Data, Algorithms, and Code

Implications for journalism practice in the digital age 1

Authored by: John V. Pavlik

The Routledge Companion to Digital Journalism Studies

Print publication date:  October  2016
Online publication date:  November  2016

Print ISBN: 9781138887961
eBook ISBN: 9781315713793
Adobe ISBN:

10.4324/9781315713793-27

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Abstract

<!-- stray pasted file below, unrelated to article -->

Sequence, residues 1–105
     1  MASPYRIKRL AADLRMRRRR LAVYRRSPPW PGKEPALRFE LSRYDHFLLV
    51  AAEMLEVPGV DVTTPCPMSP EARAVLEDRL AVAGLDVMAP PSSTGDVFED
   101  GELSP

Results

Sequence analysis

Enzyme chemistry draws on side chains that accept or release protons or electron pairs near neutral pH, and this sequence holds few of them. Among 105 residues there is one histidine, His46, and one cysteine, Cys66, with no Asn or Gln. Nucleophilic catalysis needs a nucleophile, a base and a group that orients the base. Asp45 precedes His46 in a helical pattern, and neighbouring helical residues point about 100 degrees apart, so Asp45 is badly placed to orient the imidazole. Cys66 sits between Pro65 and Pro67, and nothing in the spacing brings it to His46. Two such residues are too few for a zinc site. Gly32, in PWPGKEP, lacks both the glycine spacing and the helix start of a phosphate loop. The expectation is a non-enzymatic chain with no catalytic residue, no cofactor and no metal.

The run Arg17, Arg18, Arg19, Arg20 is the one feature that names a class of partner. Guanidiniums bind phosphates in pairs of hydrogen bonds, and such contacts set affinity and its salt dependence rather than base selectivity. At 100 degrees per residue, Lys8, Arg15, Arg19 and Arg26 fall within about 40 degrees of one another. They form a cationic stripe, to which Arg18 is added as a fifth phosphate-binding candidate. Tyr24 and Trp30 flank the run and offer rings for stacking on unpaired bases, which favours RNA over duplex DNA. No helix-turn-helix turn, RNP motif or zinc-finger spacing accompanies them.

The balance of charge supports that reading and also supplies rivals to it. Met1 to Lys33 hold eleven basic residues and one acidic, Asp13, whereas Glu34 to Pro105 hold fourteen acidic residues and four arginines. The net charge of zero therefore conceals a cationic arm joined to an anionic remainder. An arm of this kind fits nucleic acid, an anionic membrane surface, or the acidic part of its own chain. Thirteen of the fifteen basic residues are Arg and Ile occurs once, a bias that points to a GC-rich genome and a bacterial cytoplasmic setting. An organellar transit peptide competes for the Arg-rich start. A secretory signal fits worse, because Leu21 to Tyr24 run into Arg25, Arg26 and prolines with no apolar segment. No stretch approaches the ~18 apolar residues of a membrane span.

Since the earliest days of news reporting, data have served a fundamental role in the content of what is reported. The first newspaper, Caesar’s Acta Diurna, in 59 BC publicly reported on notices of legal proceedings, marriages, and births (Wikipedia, 2015). In America’s colonial press, newspapers such as the Virginia Gazette as early as 1736 published official government notices among other content (Virginiaplaces, 2014). It is not surprising then that twenty-first century journalism should place increasing emphasis on data-driven reporting. Yet the approach is dramatically different than in the past. Data are now Big, often on the scale of many billions (see Lewis, this volume). Today, computer code in the form of sophisticated mathematical and statistical models interprets and analyzes the data reported in the news. Moreover, human reporters, editors, and writers increasingly play a secondary role in generating the stories and visualizations based on the code-driven analysis of Big Data. Since the advent of precision journalism in the late 1960s (Meyer, 1971), computers and data analysis have played an increasingly vital role in journalism as a means to provide context for mostly anecdotal, event-centered news.

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